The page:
Rss Categories

Security Certificates

Reference Number: AA-02200 Views: 7215 0 Rating/ Voters

In this security-sensitive world of computers, we are occasionally asked how we deal with certificates that we distribute with our software. This article gives an overview of these and is aimed at IT professionals with prior understanding of cryptographic configuration between systems. Attempting to describe how all of this works is well beyond the scope of this article.

There are basically three things to be aware of that ship with LumenVox products which relate to cryptographic files that can be configured or changed, as described below:


The server.pem file is a self-signed certificate generated by LumenVox and used as a placeholder when users access the Dashboard when (the default) HTTPS connection protocol is used. This is used to validate the site as authentic, and not something posing as the intended site.

Since we ship with this placeholder self-signed certificate, it is not intended to function in this authoritative role when installed, so getting a warning about an invalid certificate is correct and normal.

This certificate expires 365 days from the date of the product build. If it expires, the functionality remains, but an expired certificate warning would be issued (in addition to the self-signed certificate warning) when opening the browser page, but functionality would not be inhibited, assuming the user accepts and ignores the warning.

Please refer to our Resolving Dashboard Certificate Issues article for more details on how this file is used.


This is a Root Certificate Authority (CA) file, which is very similar to those used by web browsers internally when authenticating sites they visit. It is basically a list of Certificate Authority organizations that are trusted to issue valid certificates, along with a bundle of certificates allowing authentication of certificates they have issued.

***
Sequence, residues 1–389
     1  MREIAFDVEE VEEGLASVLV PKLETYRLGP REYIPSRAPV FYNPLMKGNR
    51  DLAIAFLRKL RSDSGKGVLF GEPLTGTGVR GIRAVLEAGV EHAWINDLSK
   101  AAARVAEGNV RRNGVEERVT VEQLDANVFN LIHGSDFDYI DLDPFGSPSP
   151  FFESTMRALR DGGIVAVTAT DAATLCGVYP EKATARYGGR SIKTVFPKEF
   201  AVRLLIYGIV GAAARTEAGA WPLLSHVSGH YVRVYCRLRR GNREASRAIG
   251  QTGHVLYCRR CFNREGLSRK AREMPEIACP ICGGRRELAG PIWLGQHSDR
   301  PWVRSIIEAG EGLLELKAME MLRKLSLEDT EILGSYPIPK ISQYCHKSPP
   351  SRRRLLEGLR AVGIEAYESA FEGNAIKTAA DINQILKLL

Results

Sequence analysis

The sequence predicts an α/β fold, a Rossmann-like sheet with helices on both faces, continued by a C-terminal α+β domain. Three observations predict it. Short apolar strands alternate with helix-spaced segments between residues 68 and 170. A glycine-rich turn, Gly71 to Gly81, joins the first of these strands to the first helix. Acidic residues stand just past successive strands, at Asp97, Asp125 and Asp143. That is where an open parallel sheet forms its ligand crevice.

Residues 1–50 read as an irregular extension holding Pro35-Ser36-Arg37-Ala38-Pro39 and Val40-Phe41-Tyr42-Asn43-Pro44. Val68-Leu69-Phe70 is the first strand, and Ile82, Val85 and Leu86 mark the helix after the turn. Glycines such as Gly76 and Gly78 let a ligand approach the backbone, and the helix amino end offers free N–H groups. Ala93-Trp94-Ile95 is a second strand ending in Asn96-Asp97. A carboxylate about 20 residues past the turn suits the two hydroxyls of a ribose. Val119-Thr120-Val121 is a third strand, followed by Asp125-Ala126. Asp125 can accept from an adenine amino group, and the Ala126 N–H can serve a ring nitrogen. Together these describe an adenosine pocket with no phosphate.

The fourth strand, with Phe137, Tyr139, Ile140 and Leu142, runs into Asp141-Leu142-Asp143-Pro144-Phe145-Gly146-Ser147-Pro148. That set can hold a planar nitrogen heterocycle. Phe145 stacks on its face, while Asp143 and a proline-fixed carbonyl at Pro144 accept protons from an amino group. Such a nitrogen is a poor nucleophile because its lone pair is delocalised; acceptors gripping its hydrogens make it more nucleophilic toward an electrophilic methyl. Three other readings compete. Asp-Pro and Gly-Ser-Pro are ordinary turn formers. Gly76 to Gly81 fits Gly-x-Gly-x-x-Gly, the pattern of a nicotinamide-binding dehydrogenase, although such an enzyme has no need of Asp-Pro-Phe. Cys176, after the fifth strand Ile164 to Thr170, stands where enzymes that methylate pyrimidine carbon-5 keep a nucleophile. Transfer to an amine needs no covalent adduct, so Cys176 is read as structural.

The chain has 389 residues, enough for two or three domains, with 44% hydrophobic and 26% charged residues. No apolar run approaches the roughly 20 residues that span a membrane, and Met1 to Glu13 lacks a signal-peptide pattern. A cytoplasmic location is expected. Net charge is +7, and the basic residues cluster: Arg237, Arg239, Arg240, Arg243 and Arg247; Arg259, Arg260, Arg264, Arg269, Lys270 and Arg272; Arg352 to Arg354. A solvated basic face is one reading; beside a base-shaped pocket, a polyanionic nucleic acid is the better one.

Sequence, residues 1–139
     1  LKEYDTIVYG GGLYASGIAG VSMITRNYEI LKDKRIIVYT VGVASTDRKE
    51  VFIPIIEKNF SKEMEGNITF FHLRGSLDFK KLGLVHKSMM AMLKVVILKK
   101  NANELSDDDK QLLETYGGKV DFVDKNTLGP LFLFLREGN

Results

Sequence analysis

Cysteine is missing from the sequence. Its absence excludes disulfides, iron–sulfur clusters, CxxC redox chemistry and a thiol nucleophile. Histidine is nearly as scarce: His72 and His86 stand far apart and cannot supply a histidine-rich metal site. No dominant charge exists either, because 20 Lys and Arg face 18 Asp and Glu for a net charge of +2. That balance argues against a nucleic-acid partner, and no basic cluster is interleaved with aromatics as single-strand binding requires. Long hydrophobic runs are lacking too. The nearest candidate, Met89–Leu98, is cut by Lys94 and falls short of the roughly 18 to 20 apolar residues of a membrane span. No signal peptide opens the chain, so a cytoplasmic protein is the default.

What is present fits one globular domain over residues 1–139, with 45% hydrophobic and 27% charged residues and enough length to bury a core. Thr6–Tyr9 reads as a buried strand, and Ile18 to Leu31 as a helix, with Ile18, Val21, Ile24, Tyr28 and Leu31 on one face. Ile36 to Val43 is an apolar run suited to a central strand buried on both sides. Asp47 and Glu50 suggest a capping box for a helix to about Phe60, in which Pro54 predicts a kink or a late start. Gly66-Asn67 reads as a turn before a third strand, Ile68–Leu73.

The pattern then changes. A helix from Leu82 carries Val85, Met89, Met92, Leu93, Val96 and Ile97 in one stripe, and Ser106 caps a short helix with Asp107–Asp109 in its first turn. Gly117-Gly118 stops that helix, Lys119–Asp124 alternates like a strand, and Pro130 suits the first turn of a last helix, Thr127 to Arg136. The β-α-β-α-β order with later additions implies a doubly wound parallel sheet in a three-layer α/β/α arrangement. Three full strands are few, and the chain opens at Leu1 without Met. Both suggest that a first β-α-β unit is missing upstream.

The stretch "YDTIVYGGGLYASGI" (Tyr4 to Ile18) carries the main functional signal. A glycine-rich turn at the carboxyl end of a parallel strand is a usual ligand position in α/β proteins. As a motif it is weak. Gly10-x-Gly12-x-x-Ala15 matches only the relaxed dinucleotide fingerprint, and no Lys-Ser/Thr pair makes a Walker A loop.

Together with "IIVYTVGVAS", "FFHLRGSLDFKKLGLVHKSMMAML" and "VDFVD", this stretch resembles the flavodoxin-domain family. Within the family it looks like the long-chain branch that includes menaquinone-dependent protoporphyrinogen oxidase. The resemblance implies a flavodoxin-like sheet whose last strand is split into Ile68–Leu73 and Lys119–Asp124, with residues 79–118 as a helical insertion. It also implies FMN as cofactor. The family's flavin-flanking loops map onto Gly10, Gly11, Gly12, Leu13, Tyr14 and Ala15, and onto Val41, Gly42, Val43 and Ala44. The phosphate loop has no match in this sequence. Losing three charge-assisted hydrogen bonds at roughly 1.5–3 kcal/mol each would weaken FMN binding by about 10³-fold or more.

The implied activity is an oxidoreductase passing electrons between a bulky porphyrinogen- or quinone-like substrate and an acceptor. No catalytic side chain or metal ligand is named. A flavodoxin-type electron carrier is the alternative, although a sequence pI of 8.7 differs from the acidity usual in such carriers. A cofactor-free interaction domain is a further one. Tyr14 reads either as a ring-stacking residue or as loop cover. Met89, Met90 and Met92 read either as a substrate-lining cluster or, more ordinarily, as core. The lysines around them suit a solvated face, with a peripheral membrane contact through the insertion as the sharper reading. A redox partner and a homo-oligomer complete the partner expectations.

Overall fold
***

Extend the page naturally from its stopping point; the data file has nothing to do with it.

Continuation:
This file is used when communicating with the LumenVox Flexible Licensing Nodes in the cloud using HTTPS connectivity. It uses CA bundle to validate the site certificates in the LumenVox servers. This is done in a very similar way in which browsers use SSL certificates. These CA bundles are periodically updated in the same way that browsers update theirs.

Users may change this series of Certificate Authority Root Certificates as needed, if some become outdated, or if some custom configuration is needed. The only requirement is that the CA needs to work correctly with the LumenVox signed certificates on the Licensing Nodes, which are updated every couple of years, consistent with other signed certificates used by web sites.

The version of this file that is shipped with LumenVox is freely available from Mozilla and can be obtained in a number of online locations, such as Please refer to this page for more information.


This file, as shipped, is identical to the lv_cacert.pem file described above, and serves a similar function. It is used whenever LumenVox software performs HTTPS operations as part of its other functionality, such as fetching grammar files, SSML documents, etc. This too can be modified or updated by users as needed.

See the CERTIFICATE_AUTHORITY_FILE configuration setting for more details of how to specify a different file or location to use.


This article is intended to provide an open description of how LumenVox software implements the above functionality. We would caution users again that modification or replacement of these files should only be done by experienced personnel, who are aware of the implications of making such changes.

Although the Root Certificates within these CA bundles do each contain expiration dates, as do those within browsers, these expiration dates are typically far out into the future to avoid problems. Also, since several Root Certificates are contained within the bundle, it is unlikely that all of them would expire before the bundle itself was updated.

If, somehow, these Root Certificates within the CA bundles did all expire, updating these bundle files (lv_cacert.pem and cacert.pem) to new ones should be a relatively simple task, using the Mozilla/Curl link referenced above.

In short, there are no certificates shipped within LumenVox products that should cause a disruption to service under normal circumstances.